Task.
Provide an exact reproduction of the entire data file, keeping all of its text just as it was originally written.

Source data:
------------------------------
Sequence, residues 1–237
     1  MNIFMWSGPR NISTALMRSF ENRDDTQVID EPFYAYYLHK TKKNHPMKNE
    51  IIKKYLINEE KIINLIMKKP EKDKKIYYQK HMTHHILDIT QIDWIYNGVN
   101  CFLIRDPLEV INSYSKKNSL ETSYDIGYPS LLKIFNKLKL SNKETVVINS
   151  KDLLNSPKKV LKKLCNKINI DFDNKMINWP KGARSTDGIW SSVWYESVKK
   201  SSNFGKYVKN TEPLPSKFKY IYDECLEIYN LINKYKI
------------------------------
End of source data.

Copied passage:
Sequence, residues 1–237
     1  MNIFMWSGPR NISTALMRSF ENRDDTQVID EPFYAYYLHK TKKNHPMKNE
    51  IIKKYLINEE KIINLIMKKP EKDKKIYYQK HMTHHILDIT QIDWIYNGVN
   101  CFLIRDPLEV INSYSKKNSL ETSYDIGYPS LLKIFNKLKL SNKETVVINS
   151  KDLLNSPKKV LKKLCNKINI DFDNKMINWP KGARSTDGIW SSVWYESVKK
   201  SSNFGKYVKN TEPLPSKFKY IYDECLEIYN LINKYKI